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Posts Tagged ‘stitch play’

I’ve just started teaching a monthly embroidery class at Jaylaurs, a fabulous fabric and sewing shop in the nearby small market town of Brigg. I worked with three lovely ladies at the end of last month, all of whom enjoyed experimenting with some new stitches and I hope that they and some others will come along to the next one on the 30th of November. I created some more Stitch Play samples using more basic stitches, mainly based round running stitch, chain stitch and split stitch…

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…but it was the more complex stitches like knotted buttonhole stitch, Pekingese Stitch and feather stitch that they wanted to try out!

Jayne, who runs Jaylaurs, asked me to create some purse flyers to give to people who expressed an interest in the classes and while looking for some suitable images and ideas I found some work I had done as examples of lessons I taught to Y5s and 6s a few years ago based on couching and whipped and threaded variants of running stitch.

They had been doing some batik and I wanted to get them to embellish some of their test pieces. This one is my sample piece with simple leaf shapes.

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I had just bought a load of fancy threads for textile work and threaded and whipped running stitches were great ways of using threads that were far too thick and slubby to be used to stitch with themselves. The chenille thread on the left works particularly well.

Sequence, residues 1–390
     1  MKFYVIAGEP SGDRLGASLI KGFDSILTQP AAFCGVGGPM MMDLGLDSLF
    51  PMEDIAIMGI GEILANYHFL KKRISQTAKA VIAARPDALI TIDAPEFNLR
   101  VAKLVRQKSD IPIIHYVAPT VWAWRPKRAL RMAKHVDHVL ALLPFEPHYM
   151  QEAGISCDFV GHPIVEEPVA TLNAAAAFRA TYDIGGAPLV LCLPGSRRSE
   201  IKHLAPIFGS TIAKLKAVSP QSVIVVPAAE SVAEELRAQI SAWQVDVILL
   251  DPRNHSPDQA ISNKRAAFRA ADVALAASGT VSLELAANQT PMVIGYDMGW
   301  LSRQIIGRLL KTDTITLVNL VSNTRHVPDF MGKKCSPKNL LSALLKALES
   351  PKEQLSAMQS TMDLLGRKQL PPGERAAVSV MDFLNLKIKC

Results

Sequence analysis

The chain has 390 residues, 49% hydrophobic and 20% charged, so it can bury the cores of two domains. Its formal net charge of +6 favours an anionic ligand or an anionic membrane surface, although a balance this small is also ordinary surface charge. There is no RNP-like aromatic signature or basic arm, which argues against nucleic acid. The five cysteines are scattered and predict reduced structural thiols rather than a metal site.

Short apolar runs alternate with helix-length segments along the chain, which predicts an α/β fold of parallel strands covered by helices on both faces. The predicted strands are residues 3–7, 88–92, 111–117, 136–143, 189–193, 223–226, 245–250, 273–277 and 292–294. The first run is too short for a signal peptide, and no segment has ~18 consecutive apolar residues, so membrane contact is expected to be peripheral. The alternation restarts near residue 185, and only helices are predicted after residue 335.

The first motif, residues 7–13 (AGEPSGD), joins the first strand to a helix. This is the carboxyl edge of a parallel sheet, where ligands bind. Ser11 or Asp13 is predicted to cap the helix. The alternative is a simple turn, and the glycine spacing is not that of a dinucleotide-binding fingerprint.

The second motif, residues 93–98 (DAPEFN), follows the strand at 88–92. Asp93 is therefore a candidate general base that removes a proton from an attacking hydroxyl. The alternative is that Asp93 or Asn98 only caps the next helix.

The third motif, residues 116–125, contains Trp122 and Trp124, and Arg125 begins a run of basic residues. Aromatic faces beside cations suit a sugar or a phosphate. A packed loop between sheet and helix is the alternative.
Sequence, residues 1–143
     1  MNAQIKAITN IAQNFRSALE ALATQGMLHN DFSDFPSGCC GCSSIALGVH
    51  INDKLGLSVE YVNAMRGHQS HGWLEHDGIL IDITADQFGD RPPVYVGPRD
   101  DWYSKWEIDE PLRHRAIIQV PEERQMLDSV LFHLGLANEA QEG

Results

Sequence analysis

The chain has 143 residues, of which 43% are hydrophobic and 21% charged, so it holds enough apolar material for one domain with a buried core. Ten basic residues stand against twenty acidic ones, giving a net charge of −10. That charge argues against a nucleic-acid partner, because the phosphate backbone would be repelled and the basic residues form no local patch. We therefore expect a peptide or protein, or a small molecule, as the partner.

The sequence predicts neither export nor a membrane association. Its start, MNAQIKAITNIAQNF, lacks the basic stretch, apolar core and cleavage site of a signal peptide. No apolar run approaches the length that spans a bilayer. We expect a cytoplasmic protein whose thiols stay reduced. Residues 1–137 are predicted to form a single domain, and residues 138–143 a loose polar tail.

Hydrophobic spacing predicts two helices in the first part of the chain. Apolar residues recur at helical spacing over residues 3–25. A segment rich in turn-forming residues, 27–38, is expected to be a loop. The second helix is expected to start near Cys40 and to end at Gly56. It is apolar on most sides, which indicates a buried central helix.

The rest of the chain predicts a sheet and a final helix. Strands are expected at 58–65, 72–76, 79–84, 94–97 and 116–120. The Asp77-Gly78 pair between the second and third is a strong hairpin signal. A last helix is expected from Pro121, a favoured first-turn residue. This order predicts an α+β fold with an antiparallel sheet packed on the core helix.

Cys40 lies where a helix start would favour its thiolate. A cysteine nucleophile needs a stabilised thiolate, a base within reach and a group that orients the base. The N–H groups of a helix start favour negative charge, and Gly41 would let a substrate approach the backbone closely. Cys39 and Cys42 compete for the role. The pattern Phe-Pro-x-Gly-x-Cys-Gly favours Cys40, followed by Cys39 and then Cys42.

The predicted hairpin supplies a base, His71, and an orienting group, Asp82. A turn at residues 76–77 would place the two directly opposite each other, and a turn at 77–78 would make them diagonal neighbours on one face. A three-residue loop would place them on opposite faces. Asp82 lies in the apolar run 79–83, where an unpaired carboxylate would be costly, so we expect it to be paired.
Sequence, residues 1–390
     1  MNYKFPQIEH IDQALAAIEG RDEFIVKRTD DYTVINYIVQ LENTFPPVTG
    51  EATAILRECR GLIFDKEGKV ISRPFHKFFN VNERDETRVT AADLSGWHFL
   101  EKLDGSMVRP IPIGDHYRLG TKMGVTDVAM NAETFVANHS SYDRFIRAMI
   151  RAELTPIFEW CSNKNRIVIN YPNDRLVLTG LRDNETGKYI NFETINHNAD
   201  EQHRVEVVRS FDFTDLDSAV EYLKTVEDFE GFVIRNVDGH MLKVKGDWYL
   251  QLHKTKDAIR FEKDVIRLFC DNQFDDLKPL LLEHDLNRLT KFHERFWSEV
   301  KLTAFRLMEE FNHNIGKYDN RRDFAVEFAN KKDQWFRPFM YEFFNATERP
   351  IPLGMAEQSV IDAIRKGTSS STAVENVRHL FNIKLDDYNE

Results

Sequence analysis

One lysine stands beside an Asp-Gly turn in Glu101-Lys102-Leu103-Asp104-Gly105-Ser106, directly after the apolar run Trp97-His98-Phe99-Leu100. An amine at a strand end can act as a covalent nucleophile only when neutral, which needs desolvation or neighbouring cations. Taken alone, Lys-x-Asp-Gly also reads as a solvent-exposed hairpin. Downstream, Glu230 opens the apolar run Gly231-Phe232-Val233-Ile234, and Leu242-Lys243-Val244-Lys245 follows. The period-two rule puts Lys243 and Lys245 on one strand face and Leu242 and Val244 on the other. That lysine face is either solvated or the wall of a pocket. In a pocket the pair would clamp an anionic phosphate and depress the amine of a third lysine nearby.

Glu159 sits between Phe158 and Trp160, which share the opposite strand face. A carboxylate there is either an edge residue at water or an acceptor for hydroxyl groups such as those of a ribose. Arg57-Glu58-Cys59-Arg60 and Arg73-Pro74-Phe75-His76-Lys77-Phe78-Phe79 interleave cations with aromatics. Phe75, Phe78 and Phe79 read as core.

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The other sample was again to use the fancy threads, but this time couching them down in various patterns.

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The thread with the fluffy ‘flags’ was very fine, so I remember couching it down backwards and forwards along the line to build up a thicker layer and seeing where the ‘flags’ fell as I worked along the thread. I hadn’t planned it, but they seemed to always end up together in clumps!

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And then I found this: an early bit of found object work, using various bits and pieces that I had picked up around school. It includes an odd stud earring (flanked by two short screws) that was never claimed after PE and finally found its way into the school piano and a broken trouser fastener (centre) kindly donated for use in the piece by the lad in my class at the time. His trousers had suffered a catastrophic fail as a result of an overenthusiastic tackle in football at break and he spent the rest of the day in his PE shorts. The fastener was recovered from the playground following the incident.

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A bit of fun and some good memories of some of the amazing children I have taught over the years.